Is this what I'll do the rest of my life, take the subway then the ferry to Staten Island, climb the hill to McKee Vocational and Technical High School, punch in at the time clock, extract a bulge of paper from my mailbox, tell my student class after class day after day, Sit down, please, open your notebooks, take out your pens, you don't have paper? here's paper, you don't have a pen? borrow one, copy the notes on the board, you can't see from there? Joey would you change seats with Brian? come on, Joey, don't be such a, no, Joey, I didn't call you a jerk, I just asked you to change seats with Brian who needs glasses, you don't need glasses, Brian? well, why do you have to move, never mind, Joey, just move, will you? Freddie, put that sandwich away, this isn't the lunchroom, I don't care if you're hungry, no, you can't go to the bathroom to eat your sandwich, you're not supposed to be eating sandwiches in the toilet, what is it, Maria? you're sick, you have to see the nurse? Okay, here's a pass, Diane, would you take Maria to the nurse's office and let me know what the nurse says, no, I know they won't tell you what's wrong with her, I just want to know if she'll be coming back to class, what is it, Albert, you're sick, too? no, you're not, Albert, you just sit there and do your work, you gotta see the nurse, Albert? you're really sick? you have diarrhea? well, here, here's the pass to the boys' room and don't stay there all period, the rest of you finish copying the notes on the board, there will be a test, you know that, don't you? there will be a test, what's that, Sebastian, your pen ran out of ink? well, why didn't you say something? yes, you're saying it now but you could have said it ten minutes ago, oh, you didn't want to interrupt all these sick people? that's nice of you, Sebastian, does anyone have a pen to loan Sebastian? oh, comeone, what's that, Joey? Sebastian is a what? a what? you shouldn't say things like that, Joey, Sebastian sit down, no fighting in the classroom, what's that, Ann? you gotta go? go where, Ann? oh, you got your period? you're right, Joey, she doesn't have to tell the whole world, yes, Daniela? you want to take Ann to the bathroom? why? oh, she don't ah doesn't speak good English, so what does that have to do with her having her? what's that, Joey, you don't think girls should tall like that, easy, Daniela, easy, you don't have to be insulting, what's that, Joey? you're religious and people shouldn't talk like that, okay, easy, Daniela, I know you're defending Ann who needs to go to the toilet, the bathroom, so go, take her there, and the rest of you copy the notes on the board, oh, you can't see, either? you want to move up? okay, move up, here's an empty seat but where's your notebook? you left it on the bus, all right, you need paper, here's paper, you need a pen? here's a pen, you need to go to the bathroom, well, go go go to the bathroom, eat a sandwich, hang out with your friends, Jesus.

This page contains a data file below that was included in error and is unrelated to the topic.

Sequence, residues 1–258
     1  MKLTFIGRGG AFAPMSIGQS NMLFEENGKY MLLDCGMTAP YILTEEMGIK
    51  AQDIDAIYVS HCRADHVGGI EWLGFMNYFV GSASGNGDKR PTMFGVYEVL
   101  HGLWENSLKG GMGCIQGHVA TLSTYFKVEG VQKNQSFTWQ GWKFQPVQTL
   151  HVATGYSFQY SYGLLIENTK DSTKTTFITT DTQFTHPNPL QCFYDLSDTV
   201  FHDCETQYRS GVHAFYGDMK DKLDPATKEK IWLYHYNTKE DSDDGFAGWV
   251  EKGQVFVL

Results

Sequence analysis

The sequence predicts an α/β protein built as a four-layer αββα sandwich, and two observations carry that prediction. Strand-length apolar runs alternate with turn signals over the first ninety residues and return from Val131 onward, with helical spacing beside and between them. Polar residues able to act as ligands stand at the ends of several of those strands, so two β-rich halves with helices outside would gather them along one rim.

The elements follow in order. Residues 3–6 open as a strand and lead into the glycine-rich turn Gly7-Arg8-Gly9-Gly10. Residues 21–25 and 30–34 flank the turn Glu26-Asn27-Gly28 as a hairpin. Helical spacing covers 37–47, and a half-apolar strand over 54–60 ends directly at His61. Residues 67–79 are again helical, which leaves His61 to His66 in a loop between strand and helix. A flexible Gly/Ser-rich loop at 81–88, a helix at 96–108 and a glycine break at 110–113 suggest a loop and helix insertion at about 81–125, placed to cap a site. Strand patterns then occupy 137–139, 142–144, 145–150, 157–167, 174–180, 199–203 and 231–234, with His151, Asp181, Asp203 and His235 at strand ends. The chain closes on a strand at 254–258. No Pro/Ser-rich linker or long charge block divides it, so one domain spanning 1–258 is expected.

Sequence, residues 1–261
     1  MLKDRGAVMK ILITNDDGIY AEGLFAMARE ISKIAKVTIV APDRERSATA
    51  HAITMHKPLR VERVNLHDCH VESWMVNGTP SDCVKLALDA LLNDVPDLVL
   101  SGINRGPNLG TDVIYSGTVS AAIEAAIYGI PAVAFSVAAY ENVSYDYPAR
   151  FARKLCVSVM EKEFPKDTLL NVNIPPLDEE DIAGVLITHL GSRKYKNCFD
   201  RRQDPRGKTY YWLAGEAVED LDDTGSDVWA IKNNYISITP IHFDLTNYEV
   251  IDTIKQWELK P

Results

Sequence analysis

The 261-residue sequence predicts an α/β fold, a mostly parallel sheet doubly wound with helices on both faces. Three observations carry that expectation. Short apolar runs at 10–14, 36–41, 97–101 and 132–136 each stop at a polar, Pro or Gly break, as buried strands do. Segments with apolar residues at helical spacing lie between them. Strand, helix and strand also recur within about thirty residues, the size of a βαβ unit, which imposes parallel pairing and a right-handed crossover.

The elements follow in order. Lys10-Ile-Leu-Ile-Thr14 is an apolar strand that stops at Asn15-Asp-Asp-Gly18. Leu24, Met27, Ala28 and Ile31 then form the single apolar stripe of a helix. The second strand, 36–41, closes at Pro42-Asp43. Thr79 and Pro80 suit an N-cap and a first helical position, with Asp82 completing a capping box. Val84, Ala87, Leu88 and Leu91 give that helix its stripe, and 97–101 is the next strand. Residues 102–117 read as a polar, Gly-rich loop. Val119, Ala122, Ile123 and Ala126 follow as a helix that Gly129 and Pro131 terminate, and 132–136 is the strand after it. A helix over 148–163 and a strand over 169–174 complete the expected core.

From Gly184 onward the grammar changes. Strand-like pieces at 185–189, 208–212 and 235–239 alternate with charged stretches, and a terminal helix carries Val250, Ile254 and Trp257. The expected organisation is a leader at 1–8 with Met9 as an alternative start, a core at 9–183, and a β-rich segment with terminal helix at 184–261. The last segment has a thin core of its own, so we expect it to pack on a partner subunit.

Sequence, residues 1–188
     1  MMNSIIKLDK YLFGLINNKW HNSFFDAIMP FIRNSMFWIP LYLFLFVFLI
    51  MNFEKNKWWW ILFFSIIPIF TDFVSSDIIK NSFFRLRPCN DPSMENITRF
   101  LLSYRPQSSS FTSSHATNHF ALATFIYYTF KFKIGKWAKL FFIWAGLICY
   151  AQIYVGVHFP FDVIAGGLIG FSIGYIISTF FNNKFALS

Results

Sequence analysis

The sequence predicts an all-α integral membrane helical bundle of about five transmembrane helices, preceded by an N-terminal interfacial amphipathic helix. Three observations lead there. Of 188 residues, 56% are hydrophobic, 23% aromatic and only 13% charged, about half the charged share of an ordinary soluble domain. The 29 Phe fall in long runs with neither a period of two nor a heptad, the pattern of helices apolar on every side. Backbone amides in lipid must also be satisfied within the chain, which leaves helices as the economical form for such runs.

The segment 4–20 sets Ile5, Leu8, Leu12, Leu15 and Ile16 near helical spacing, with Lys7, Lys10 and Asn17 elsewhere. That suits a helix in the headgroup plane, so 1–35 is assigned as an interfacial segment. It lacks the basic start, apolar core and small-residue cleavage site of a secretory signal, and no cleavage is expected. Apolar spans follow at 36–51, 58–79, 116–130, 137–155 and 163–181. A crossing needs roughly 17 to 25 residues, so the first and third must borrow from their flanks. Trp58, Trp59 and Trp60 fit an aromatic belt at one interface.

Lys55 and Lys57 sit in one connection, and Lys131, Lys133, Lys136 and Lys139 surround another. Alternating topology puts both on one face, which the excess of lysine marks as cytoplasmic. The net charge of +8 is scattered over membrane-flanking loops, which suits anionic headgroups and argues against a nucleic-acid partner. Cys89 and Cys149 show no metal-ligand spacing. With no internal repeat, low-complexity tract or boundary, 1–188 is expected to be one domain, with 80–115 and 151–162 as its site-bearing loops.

Mr. McCoy.